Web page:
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CASPER, Wyo. — Few Wyomingites may realize that striking cuts to government, combined with tax increases, could sweep the economy back into recession next year — unless Congress and the White House act soon.

Wyoming’s all-Republican congressional delegation blames the president and congressional Democrats for the predicament.

President Barack Obama said Congress needs to be realistic about what can be accomplished, and act fast.

Wyomingites who receive services from the government — practically everyone — could be affected by the possible cuts.

Also affected could be Wyoming businesses that contract with the U.S. Department of Defense, said Sen. Mike Enzi, R-Wyo., who recently visited the Star-Tribune and discussed the matter.


The cuts are called a “sequester.” Once it triggers, $1 trillion must be cut over the next decade, according to the Wall Street Journal.

If Congress and Obama don’t design their own a debt reduction program, the first part of the cuts trigger Jan. 2.

Obama recently told the Virginian Pilot that Democrats must understand that any debt deal will require spending cuts. He said Republicans must accept the need for additional tax revenue.

If the national debt were divided among each man, woman and child, it would be about $49,000, Enzi said.

In fiscally troubled Europe, each Italian owes $40,000 and each Greek owes $39,000, he said.

“I’m really worried,” Enzi said.

The sequester would likely be across the board, with the exception of Social Security, Medicaid, food stamps, veterans' health care and federal employee pensions.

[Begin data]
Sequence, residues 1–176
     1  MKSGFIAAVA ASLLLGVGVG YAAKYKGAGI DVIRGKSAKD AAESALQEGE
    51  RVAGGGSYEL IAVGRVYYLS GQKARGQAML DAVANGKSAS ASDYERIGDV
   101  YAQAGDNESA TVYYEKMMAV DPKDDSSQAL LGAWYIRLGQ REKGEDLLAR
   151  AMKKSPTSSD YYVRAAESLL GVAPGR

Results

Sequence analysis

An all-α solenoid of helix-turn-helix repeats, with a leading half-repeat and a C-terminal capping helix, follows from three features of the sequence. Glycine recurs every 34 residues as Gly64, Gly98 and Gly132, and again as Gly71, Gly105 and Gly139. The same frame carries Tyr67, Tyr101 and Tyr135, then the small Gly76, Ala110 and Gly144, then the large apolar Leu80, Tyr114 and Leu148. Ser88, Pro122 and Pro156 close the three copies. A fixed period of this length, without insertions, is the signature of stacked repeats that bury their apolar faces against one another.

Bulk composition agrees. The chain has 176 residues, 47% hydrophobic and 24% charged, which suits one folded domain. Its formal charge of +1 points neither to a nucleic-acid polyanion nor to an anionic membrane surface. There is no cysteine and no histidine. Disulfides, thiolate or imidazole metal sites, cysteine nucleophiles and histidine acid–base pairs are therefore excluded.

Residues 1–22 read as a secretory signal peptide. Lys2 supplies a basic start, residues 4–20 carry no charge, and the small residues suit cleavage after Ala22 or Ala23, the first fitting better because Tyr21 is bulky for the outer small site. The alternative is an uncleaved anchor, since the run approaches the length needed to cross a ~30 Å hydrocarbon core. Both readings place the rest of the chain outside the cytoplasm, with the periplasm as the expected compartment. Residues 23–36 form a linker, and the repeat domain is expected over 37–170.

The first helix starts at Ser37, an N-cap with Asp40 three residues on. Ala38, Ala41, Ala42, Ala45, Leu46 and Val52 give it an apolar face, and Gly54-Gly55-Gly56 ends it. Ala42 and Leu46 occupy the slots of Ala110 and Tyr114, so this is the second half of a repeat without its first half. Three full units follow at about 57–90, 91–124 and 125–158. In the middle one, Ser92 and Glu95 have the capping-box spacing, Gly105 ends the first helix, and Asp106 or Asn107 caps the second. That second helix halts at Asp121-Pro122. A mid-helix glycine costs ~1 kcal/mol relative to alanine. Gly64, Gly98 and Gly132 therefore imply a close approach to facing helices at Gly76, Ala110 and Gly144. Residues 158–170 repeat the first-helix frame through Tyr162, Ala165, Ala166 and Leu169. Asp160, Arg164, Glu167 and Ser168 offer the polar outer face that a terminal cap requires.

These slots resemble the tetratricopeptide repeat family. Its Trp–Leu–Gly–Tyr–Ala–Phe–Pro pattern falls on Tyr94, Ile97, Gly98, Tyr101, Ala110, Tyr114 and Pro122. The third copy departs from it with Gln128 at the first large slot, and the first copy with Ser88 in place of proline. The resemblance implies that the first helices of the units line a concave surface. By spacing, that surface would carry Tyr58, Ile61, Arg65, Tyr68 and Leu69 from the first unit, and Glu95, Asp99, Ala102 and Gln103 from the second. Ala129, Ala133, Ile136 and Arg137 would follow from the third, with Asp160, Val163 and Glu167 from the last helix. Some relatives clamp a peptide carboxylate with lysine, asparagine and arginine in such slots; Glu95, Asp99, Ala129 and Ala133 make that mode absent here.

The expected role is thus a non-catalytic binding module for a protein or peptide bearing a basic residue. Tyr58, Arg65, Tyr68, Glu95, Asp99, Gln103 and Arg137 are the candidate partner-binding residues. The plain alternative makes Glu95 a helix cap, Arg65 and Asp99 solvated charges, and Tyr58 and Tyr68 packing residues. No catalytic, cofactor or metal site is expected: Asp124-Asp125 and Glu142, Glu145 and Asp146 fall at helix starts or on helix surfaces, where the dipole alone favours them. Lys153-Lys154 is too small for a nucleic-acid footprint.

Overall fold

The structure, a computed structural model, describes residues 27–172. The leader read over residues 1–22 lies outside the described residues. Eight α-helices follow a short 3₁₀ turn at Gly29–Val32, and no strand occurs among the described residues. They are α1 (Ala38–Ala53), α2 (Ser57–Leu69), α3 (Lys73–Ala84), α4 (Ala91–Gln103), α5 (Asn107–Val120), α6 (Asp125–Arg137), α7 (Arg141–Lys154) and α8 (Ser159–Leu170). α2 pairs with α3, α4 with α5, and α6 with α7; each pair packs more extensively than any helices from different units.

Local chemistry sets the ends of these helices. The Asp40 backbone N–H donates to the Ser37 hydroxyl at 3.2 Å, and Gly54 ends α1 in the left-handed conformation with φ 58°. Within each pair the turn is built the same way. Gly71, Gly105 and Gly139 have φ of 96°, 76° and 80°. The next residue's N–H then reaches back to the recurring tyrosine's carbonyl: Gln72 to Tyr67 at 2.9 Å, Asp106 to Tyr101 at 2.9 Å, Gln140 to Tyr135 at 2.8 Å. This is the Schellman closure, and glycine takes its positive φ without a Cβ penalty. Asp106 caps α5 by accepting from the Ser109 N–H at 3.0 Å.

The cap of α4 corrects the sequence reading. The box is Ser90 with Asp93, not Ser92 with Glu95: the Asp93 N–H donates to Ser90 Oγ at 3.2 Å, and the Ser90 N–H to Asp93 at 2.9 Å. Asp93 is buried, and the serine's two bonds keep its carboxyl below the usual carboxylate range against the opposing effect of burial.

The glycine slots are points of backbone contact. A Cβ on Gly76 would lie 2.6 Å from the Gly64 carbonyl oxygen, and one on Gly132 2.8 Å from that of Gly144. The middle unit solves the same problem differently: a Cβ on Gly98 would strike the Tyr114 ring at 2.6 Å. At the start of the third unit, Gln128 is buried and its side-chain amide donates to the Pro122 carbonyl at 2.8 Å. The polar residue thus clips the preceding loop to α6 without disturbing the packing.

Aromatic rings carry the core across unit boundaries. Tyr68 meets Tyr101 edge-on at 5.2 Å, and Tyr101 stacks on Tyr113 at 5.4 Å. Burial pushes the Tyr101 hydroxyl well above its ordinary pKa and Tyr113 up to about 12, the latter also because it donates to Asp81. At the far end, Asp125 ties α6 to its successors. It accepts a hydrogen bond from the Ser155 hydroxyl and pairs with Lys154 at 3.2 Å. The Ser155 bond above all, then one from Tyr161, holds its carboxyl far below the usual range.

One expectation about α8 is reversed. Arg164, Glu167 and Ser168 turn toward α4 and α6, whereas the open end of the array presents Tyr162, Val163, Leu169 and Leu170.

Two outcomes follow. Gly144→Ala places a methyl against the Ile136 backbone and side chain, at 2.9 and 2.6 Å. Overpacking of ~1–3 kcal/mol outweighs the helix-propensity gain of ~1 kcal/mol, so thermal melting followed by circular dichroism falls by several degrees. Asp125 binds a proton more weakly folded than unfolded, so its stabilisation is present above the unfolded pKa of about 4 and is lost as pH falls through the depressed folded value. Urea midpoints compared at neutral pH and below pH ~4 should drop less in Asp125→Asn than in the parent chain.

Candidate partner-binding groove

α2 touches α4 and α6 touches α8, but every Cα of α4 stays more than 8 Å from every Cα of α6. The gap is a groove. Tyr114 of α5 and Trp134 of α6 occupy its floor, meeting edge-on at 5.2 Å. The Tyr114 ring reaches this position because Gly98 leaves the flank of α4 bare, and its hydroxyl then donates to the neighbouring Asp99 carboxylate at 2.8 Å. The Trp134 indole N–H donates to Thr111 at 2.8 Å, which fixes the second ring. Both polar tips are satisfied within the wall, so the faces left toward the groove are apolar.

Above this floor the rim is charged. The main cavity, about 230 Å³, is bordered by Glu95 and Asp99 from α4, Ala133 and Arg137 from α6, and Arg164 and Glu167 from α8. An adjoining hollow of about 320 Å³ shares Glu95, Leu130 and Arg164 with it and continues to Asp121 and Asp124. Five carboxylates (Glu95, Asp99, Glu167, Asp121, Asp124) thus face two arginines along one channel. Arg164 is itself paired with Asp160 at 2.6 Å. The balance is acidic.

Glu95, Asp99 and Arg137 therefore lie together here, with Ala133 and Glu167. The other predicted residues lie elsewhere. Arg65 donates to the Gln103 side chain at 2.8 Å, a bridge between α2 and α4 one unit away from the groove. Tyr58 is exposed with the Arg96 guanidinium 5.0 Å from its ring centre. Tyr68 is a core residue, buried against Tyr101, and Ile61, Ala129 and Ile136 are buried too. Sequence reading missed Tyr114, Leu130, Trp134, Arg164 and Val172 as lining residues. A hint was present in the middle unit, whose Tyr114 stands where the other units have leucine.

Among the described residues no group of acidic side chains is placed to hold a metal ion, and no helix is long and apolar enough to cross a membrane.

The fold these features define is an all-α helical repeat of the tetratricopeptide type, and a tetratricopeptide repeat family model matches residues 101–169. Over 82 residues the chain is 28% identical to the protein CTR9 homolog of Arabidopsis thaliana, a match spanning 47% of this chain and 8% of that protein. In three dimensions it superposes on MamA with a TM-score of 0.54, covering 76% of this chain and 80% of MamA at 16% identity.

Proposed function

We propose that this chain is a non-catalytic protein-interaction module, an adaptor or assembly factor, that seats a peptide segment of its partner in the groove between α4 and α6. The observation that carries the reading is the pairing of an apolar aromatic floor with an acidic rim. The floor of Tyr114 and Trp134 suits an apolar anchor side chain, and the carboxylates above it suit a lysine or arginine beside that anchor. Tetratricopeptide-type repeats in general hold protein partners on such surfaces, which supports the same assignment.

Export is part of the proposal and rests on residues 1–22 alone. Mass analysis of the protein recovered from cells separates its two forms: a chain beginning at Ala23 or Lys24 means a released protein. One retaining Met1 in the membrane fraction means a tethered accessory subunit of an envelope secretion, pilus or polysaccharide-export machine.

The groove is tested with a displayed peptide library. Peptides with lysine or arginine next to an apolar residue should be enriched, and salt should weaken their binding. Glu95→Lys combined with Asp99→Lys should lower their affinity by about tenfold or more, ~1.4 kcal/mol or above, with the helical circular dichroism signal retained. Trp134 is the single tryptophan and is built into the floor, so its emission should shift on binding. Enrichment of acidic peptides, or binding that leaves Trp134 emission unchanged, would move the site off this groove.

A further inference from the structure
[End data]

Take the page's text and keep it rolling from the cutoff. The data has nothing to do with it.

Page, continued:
What’s left to be cut? Exact details are unknown.

Government employees could be furloughed, which could result in fewer air traffic controllers, Transportation and Security Administration agents and food inspections.

There could be less money for education in low-income neighborhoods. About 12,000 HIV-positive patients could lose access to antiviral drugs.

"House and Senate Republicans pushed successfully for a law requiring the president to provide specific details about how he will implement the sequester,” Rep. Cynthia Lummis, R-Wyo., said in an email. “We passed the law before the August recess, the Senate followed suit and the president signed it."

Obama's report is due this month.

The sequester is not supposed to be permanent. The cuts are to propel both parties in Congress to take action on the debt, Lummis said.

House Republicans tried to replace the sequester's across-the-board cuts with targeted ones, but the Democratic-controlled Senate didn't follow suit, she said.

“We in the House even offered to cancel our August recess to work on the sequester if the Senate would pass their own package of cuts. They did not.”

Military cuts

Of all the anticipated cuts, the anticipated $55 billion slice to the Pentagon next year has received the most attention.

“The primary concern is defense cuts that will undermine our national security,” Sen. John Barrasso, R-Wyo., said in an email. “As Secretary [of Defense Leon] Panetta said, these cuts will hollow out our military.”

Obama also said he is concerned.

"There is still time and my expectation is sometimes folks on Capitol Hill don't always do things in a timely fashion, unlike our military, but they do do them eventually," he told The Associated Press.

Tax increases

Former President George W. Bush's tax cuts are about to expire. Also about to end is Obama’s payroll tax. The beginning of next year also unrolls the first expenses associated with the Patient Protection and Affordable Care Act, the federal health care reform law, wrote Pete du Pont, a Republican columnist for the Wall Street Journal.

The sequester, combined with the new taxes, may push the country off a fiscal cliff, du Pont said.

That’s an opinion Barrasso concurs with because taxes will hurt job creators, he said.

Enzi has ideas for how to fix the debt, including the “Penny Plan” and the biannual budgeting bill.

The Penny Plan would cut a penny from each dollar spent, balancing the budget in five years, he said.

The Biennial Appropriations Act would require Washington to budget in a way similar to Wyoming: over a two-year period instead of annually. The benefit would be time. Some agencies would be budgeted during even years and some during odd years, an advantage over trying to budget all agencies each year, the senator said.